Deer hunters uncover a red ‘68 Hemi Charger…in October.
By Al Dente Photos by Paul Stenquist
All cars have a story, some are better than others. ‘Course, if a car’s history is pretty bland we can always make one up (slight charge) and make the owner look like an action hero. And we throw in our Mopar Action signature smart remarks as a bonus. It’s more work on our part, but we think you readers are worth the extra effort.
That said, we now turn to James Jones’ 1968 Hemi charger. James didn’t find it in a barn or sitting under a tree in someone’s yard. It all started some 8 years ago with some deer hunters who had come down from North Carolina to Georgia, where James happens to reside, to hunt deer and drink beer. Maybe there was a deer or beer shortage—or both in NC. The hunt, both for deer and beer took the men past an old auto repair shop. They peeked inside and saw a bunch of cars. Nothing was moving so they didn’t shoot anything. Their paths happened to cross that of James’ brother-in-law. Thankfully, they didn’t shoot him either. The hunters mentioned the cars they saw and the location. James’ brother-in-law passed it onto James.
James had worked as a mechanic in a Mopar dealership back in the ‘60s. In those days, they were called mechanics, not like today where they are called technicians. Either way, James toiled over fenders and under grease racks and dashboards for 5 years, then he left. He returned in ’84 to find the dealership had closed. Fine with James. H bought the property and opened up his own repair shop at the facility. We don’t know whether he referred to himself at this time as a mechanic, technician or “Mr. Fix-It.” James did that until 2005 when he retired and started enjoying life. A good part of that enjoyment came from the 80 or so car that James had stashed in several locations.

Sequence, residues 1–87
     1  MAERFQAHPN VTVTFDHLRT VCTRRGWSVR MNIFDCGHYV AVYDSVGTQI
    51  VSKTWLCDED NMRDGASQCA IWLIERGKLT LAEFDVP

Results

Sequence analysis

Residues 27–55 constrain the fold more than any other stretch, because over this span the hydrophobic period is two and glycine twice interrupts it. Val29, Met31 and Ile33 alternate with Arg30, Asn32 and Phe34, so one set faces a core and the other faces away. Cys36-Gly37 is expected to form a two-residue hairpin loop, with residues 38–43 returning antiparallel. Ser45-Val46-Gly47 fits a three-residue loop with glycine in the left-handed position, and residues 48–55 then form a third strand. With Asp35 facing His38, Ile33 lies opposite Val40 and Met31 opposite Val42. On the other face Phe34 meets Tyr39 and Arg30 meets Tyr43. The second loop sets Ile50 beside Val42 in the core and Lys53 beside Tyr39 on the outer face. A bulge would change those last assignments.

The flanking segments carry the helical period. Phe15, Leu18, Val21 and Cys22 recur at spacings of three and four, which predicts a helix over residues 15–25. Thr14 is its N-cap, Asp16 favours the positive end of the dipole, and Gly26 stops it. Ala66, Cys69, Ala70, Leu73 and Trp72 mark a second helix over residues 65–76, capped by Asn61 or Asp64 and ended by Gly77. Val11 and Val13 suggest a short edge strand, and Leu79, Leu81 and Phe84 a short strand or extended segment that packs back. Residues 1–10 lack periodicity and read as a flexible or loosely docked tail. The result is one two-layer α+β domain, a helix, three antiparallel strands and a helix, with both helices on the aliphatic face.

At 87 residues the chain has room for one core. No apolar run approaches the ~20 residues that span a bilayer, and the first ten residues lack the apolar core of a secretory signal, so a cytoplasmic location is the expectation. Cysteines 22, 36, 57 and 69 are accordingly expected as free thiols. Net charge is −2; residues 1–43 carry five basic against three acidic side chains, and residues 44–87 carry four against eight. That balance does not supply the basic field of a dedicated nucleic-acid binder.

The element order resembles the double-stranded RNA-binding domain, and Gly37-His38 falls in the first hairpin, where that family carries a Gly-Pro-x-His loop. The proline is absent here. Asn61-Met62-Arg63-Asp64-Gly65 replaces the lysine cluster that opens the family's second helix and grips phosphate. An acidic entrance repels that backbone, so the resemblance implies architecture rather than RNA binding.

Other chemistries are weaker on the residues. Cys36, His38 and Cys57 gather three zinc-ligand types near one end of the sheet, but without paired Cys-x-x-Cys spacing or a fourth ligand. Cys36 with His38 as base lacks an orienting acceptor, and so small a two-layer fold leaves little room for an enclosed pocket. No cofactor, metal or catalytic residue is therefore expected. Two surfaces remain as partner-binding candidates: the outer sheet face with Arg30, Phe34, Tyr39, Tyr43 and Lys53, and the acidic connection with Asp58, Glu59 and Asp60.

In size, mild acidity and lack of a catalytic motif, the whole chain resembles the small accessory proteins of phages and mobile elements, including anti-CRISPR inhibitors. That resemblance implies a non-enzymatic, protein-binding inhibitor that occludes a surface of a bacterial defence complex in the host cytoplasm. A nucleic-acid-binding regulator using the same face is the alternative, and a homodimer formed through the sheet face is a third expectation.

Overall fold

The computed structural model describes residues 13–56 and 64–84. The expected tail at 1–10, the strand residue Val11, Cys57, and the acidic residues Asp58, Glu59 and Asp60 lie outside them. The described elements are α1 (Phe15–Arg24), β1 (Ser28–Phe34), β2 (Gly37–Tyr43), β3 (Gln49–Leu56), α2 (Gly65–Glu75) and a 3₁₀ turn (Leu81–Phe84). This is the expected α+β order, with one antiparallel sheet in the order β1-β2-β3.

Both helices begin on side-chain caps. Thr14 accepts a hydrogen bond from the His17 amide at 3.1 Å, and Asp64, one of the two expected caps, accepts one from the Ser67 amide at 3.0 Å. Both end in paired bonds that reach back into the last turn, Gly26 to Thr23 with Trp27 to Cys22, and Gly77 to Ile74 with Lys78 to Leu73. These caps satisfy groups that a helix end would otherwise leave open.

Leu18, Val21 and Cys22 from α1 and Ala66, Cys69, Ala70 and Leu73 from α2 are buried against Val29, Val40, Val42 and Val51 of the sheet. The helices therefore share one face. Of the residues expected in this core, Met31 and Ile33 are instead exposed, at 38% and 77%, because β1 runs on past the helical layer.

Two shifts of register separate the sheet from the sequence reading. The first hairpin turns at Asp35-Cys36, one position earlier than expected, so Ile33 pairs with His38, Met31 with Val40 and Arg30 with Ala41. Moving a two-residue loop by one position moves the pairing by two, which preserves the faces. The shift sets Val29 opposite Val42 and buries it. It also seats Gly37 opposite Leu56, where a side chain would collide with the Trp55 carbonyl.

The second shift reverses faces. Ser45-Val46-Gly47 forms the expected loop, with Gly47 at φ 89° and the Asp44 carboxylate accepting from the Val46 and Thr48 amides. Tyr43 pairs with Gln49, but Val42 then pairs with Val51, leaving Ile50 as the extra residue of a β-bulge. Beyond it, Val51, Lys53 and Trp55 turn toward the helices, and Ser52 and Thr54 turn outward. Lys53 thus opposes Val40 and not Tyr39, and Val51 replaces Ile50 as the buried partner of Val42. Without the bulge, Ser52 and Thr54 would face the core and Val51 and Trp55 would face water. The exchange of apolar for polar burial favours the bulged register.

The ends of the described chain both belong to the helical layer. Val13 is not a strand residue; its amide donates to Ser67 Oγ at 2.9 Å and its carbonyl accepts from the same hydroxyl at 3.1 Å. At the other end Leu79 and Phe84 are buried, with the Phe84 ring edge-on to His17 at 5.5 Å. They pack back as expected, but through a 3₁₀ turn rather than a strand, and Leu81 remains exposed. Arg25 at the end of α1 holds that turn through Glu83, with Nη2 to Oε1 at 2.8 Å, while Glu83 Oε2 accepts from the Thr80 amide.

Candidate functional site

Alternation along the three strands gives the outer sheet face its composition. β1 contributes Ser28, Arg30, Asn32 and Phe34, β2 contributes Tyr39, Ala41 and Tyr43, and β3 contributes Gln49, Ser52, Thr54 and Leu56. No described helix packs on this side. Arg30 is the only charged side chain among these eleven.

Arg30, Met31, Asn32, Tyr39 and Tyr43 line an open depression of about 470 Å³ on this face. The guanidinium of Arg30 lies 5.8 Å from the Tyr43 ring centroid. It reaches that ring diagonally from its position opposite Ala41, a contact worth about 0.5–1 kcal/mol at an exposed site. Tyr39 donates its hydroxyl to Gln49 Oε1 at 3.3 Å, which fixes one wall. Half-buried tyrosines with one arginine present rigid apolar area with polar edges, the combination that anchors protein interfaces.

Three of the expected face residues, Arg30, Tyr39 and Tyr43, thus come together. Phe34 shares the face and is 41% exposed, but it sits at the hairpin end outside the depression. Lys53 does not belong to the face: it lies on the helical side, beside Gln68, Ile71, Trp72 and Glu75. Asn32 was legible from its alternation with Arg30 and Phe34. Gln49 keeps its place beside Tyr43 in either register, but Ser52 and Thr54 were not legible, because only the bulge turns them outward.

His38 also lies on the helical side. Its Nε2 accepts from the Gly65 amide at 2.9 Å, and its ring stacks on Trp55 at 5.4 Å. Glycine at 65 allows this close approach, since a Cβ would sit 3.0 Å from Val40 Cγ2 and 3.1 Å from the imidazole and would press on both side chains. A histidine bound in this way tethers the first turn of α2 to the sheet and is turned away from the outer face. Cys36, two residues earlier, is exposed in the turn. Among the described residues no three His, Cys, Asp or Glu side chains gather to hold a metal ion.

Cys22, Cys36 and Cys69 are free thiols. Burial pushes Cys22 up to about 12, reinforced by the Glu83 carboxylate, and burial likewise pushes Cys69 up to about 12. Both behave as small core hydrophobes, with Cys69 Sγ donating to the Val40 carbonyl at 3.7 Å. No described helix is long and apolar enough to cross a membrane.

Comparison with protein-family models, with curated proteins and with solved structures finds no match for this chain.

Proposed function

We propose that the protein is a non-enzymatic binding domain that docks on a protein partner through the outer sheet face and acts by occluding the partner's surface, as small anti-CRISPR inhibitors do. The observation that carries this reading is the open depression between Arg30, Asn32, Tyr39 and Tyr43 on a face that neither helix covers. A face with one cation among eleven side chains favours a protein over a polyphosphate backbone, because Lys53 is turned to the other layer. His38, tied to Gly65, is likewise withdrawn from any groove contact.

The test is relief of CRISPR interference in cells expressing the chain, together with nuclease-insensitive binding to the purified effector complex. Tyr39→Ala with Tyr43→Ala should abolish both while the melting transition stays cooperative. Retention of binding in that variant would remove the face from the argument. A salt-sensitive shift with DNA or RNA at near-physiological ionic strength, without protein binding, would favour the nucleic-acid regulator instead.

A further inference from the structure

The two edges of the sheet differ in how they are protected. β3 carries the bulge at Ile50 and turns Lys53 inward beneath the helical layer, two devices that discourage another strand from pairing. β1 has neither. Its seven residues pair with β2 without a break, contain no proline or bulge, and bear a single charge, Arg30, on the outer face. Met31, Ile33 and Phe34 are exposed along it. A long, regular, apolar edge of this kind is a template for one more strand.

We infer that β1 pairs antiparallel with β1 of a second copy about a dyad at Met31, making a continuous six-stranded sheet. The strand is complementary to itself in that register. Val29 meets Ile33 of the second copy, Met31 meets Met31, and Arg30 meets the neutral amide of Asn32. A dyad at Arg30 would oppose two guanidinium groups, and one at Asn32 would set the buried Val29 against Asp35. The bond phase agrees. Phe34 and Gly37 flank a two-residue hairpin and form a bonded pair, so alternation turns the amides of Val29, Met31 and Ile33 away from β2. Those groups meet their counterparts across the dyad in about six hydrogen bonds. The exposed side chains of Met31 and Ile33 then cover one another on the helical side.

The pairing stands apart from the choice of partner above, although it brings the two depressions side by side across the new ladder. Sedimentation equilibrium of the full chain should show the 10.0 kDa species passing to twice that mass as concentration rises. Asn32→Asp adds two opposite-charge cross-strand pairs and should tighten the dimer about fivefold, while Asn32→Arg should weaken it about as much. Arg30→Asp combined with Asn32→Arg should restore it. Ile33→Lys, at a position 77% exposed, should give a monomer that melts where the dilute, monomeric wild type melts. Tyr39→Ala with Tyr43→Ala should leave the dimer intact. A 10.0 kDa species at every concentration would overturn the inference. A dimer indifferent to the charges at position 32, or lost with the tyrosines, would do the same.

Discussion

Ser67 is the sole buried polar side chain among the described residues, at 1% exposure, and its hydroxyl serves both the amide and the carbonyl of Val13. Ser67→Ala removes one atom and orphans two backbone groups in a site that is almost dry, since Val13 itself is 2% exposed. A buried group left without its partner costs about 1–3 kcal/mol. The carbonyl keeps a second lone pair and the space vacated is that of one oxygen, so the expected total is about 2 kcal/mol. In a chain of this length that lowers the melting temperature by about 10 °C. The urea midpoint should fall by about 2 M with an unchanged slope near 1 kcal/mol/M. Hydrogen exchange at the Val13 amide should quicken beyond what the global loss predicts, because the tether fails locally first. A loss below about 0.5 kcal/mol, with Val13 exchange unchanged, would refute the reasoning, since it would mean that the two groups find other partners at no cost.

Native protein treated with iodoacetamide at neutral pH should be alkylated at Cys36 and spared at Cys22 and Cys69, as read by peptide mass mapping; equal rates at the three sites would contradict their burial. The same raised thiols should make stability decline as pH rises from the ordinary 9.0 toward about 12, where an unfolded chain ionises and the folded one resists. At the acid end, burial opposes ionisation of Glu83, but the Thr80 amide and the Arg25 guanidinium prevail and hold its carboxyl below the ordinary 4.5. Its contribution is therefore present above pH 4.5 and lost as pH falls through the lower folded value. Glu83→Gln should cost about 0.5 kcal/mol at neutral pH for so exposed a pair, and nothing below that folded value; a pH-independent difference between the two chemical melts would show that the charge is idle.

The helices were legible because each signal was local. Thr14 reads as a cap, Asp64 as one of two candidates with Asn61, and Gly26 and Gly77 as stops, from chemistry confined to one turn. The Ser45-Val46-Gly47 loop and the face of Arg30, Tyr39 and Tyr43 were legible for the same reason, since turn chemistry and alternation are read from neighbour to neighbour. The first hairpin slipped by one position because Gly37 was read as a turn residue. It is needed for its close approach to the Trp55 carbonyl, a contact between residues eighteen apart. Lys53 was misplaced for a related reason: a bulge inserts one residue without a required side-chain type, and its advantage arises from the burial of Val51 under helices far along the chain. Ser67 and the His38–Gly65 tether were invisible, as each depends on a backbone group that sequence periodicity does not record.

Talking to the owner of the old repair shop, James learned that the shop had been owned by two brothers, and they had amassed their own collection of some 12-15 cars plus a big collection of parts. The plan was once the brothers retired, they would restore and sell the cars. The layers of dust on the vehicles led James to believe the claim that they had been sitting in place since 1975. But all didn’t go as planned for the brothers. One developed terminal cancer, and on his deathbed, he told his brother to sell all the cars, take the money and enjoy his life.
James looked over the cars—a pretty eclectic collection that included a ’68 Hemi Charger R/T, a ’70 Challenger 440-6 R/T SE, ’41 Caddy hearse, ’79 455 HO Poncho T/A, ’70 Boss 429 ‘Stang and others. The brother asked him, which one do you want. James replied “I’ll take ‘em all.” Hauling the cars to add to his collection, James said all of them needed restoration “all the way.” He was able to crank a couple to life by adding as and “fooling with the carburetion.” No such luck with the ’68.
Hemi Charger as “fooling with the carbs” wouldn’t overcome the Hemi’s main problem—a couple of rods poking through the side of the block. The Charger would be the first car James wanted to restore. Turning to the pros, James sent the Charger out to Todd’s Body Shop in Deland, FL. Todd’s a Mopar guy so he knows his stuff.
The Hemi block was toast, so Todd came up with a correctly date-coded replacement. All the needed internals had been included in the pile of parts that James got when he bought all of the brother’s cars. The only parts Todd had to search for were a clutch fork and a starter. Todd slow-baked the Charger with a rotisserie restoration. James had sent him a lot of NOS trim pieces, but Todd felt they were not good enough as some had blems and scratches. So he sent out the car’s original trim for refinishing.
With the restoration completed in June 2012, Todd turned the 66K-mile charger back to its owner. Preserving it as a show car, James trailered the Hemi to the 2013 Mopar Nats to see how it would fare. A First Place award for ’68-’72 B-Body Dodge was the result. Not too shabby.
And that ’41 Caddy hearse? James said that’s the car his wife wants to ride in—presumably in the front.